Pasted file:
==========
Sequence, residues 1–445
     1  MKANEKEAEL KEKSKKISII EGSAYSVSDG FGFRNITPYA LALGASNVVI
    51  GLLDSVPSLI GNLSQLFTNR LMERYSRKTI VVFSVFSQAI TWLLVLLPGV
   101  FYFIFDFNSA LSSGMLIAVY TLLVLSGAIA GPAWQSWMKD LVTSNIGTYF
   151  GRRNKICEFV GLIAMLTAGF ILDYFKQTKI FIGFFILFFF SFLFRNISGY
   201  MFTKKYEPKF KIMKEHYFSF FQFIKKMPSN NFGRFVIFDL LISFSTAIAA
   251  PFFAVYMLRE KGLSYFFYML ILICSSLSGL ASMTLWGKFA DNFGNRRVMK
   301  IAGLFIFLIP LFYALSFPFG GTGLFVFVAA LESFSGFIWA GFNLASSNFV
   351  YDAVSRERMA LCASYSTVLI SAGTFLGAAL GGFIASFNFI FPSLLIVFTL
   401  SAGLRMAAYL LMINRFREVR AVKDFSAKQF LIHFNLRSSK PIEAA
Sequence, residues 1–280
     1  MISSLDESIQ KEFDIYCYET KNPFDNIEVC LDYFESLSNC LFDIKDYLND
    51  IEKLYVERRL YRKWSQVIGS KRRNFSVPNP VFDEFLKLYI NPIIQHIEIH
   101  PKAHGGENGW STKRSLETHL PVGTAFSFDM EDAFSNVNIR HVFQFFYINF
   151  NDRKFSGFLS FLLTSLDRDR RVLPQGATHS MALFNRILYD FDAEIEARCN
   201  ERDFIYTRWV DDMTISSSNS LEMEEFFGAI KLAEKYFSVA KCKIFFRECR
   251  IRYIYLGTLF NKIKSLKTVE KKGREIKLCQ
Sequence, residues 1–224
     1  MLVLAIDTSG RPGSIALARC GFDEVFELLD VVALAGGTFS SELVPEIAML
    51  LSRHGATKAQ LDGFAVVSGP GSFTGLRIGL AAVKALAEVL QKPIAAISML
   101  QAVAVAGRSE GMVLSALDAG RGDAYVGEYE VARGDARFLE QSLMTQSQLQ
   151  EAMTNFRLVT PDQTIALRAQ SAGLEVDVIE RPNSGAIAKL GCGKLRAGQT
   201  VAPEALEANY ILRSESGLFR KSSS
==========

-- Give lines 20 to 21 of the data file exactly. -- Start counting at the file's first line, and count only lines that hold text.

    51  LSRHGATKAQ LDGFAVVSGP GSFTGLRIGL AAVKALAEVL QKPIAAISML
   101  QAVAVAGRSE GMVLSALDAG RGDAYVGEYE VARGDARFLE QSLMTQSQLQ